Personal Audio v. Electronic Frontier Foundation (EFF) (Fed. Cir. 2017)
On appeal, the Federal Circuit has sided with the USPTO — affirming the IPR final judgment of unpatentability of Personal Audio’s US Patent No. 8,112,504. The patent claims a system for “disseminating media … episodes in a serialized sequence.”
The most interesting question addressed by the court is whether the original Inter Partes Review (IPR) Requester – EFF – has standing to to participate as a party. The problem for standing is that EFF is a public-interest organization that promotes online civil liberties. EFF was not threatened by the ‘504 patent, but instead filed the IPR petition as part of its general public interest campaign against “stupid patents.” EFF thus doesn’t appear to meet the “case or controversy” standard required by Article III of the U.S. Constitution.
The Federal Circuit decided a somewhat similar standing question in Consumer Watchdog v. Wisconsin Alumni Research Foundation, 753 F.3d 1258 (Fed. Cir. 2014). Consumer Watchdog also involved a public-interest organization challenging a patent via AIA-Trial. Standing wasn’t a problem for the trial itself since the PTAB is not an Article III court – and so the constitutional requirement didn’t apply. However, the Federal Circuit dismissed Consumer Watchdog’s appeal (it lost the case at the PTAB) on standing grounds.
EFF case has a slightly different posture since it won at the PTAB – with the patent being held invalid. The appellant Personal Audio clearly has standing since its patent has been judged unpatentable, and the question is whether EFF has standing to participate as an appellee despite its lack of a direct interest in the outcome. For the Federal Circuit, that posture makes the difference:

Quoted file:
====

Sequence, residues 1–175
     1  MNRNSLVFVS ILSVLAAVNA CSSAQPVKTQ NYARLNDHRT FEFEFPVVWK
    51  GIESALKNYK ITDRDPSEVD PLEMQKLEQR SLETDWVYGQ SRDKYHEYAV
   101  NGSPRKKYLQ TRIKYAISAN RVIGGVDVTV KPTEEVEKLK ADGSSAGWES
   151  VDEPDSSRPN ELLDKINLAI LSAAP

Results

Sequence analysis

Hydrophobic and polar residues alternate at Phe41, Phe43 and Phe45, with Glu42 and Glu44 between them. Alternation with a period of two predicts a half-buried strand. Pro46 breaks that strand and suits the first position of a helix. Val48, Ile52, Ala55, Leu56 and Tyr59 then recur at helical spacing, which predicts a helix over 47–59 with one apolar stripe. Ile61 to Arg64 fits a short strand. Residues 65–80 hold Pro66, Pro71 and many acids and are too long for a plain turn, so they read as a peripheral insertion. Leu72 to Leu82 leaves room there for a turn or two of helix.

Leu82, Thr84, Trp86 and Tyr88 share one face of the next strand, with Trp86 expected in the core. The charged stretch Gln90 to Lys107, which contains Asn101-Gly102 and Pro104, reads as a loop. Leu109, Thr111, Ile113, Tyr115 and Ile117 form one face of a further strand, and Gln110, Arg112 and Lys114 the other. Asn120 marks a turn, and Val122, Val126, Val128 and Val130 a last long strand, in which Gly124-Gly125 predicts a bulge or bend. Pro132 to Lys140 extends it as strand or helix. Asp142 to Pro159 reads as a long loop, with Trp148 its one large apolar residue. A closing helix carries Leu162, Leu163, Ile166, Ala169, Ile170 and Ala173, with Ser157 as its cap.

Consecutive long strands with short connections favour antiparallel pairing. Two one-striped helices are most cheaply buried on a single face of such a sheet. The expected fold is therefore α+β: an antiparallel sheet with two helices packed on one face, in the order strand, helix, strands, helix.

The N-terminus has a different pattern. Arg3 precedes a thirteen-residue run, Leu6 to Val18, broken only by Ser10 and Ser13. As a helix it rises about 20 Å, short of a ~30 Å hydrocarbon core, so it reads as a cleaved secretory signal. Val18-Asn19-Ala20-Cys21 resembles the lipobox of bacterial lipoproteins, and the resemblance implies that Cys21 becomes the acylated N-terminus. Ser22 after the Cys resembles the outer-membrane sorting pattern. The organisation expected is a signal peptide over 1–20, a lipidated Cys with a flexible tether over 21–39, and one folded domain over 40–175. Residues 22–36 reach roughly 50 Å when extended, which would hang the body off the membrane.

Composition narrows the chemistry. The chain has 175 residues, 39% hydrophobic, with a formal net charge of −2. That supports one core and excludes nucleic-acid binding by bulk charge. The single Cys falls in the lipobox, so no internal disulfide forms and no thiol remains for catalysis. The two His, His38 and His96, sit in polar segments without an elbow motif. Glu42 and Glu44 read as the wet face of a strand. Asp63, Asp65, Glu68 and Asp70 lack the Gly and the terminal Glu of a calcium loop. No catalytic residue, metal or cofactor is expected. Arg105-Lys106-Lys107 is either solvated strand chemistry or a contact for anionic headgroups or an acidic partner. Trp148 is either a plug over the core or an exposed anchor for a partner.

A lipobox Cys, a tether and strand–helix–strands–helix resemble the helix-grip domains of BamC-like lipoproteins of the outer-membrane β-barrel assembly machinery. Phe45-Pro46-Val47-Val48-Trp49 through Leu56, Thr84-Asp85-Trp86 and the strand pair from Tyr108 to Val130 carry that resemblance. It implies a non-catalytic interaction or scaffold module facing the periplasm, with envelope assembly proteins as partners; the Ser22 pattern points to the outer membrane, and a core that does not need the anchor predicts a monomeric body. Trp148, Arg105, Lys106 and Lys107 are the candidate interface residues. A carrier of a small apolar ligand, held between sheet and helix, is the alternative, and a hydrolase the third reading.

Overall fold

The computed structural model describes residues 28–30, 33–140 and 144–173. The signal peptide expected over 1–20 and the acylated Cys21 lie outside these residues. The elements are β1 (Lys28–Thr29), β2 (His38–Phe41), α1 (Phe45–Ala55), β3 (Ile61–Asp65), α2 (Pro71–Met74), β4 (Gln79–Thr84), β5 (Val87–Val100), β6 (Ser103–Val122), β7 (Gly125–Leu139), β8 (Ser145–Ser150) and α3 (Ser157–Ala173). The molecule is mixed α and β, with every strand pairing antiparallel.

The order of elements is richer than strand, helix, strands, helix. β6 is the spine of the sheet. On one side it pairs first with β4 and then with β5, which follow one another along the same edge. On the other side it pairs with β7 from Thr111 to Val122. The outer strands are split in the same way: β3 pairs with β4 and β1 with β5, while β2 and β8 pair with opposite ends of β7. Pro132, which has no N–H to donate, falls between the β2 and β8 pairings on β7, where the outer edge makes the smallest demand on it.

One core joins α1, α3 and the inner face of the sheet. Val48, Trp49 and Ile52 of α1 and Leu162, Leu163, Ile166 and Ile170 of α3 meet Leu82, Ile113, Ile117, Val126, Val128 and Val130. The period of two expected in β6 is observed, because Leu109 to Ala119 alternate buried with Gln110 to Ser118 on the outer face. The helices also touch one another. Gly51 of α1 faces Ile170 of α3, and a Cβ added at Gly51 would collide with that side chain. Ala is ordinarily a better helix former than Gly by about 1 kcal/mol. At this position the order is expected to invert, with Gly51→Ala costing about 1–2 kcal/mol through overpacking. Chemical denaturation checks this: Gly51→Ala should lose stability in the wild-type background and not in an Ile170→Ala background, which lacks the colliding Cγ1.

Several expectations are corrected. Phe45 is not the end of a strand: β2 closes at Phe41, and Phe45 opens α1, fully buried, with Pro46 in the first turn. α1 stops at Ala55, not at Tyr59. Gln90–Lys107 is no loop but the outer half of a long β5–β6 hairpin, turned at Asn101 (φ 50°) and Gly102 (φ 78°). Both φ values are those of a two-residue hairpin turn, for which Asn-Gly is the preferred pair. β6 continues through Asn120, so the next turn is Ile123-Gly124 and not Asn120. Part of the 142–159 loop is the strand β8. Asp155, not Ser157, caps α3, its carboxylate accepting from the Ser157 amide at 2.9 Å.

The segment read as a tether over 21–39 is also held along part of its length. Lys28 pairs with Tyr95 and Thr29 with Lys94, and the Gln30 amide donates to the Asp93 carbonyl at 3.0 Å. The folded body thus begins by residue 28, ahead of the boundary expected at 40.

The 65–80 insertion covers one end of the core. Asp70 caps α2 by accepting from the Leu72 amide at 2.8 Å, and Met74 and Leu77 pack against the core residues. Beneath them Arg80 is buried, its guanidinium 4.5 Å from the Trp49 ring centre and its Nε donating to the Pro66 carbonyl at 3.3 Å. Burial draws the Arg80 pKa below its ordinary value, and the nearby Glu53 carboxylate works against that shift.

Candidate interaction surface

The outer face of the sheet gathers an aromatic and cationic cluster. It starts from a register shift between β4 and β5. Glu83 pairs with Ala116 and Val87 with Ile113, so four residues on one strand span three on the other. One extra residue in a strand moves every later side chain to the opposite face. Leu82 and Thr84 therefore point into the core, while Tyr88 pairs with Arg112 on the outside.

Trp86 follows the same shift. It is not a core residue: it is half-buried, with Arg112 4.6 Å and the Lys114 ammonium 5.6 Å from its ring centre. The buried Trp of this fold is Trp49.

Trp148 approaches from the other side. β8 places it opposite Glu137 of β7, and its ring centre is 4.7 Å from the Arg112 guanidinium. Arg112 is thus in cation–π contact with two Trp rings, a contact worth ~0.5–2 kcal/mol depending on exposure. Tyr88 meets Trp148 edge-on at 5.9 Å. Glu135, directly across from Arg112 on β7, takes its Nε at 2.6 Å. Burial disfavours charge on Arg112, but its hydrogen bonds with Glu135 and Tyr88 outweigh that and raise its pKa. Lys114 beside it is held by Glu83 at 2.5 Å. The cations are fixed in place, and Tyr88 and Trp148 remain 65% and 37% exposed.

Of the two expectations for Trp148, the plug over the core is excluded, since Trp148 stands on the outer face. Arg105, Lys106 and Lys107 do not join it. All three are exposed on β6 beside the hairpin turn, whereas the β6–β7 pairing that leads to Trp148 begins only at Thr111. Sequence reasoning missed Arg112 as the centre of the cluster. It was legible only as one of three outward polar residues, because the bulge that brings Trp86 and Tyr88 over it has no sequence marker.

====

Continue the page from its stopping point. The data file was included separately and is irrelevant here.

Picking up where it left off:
Here, the party invoking judicial review is Personal Audio; it is apparent that Personal Audio, on cancellation of its patent claims by the PTAB, has experienced an alteration of “tangible legal rights . . . that is sufficiently ‘distinct and palpable’ to confer standing under Article III.” Virginia v. Hicks, 539 U.S. 113, 121 (2003) (internal citations omitted). With Article III satisfied as to the appellant, EFF is not constitutionally excluded from appearing in court to defend the PTAB decision in its favor.
The court then went on to side with EFF and PTAB on the merits – confirming the claims as unpatentable.
I would suggest that the Federal Circuit’s decision on the standing issue here does not fully explore the somewhat complex precedent on the standing issue. In particular, the court wrongly focuses its standing decision on the position of the appellant. The Supreme Court has explained several times that all parties must have an ongoing case-or-controversy:
[T]he opposing party also must have an ongoing interest in the dispute, so that the case features “that concrete adverseness which sharpens the presentation of issues.”
Camreta v. Greene, 131 S. Ct. 2020, 2028 (2011) (quoting Los Angeles v. Lyons, 461 U.S. 95, 101 (1983)). I’ll note here that my reading of Camreta and Lyons is that both are addressing the Constitutional requirement – thus the AIA statutory statement allowing parties to appeal is inapplicable.
The Federal Circuit relied upon another line of Supreme Court cases – notably ASARCO Inc. v. Kadish (1989). In that case we similar situation where the petitioner was clearly harmed by a lower state-court decision but the respondent probably did not itself have sufficient case-or-controversy standing. In its decision on the case, the Supreme Court began with a recitation of standing – noting that the petitioner’s harm was sufficient: “We determine that petitioners have standing to invoke the authority of a federal court and that this dispute now presents a justiciable case or controversy for resolution here.” ASARCO. The problem with this holding is that it speaks only to the case as a whole rather than standing of the particular party.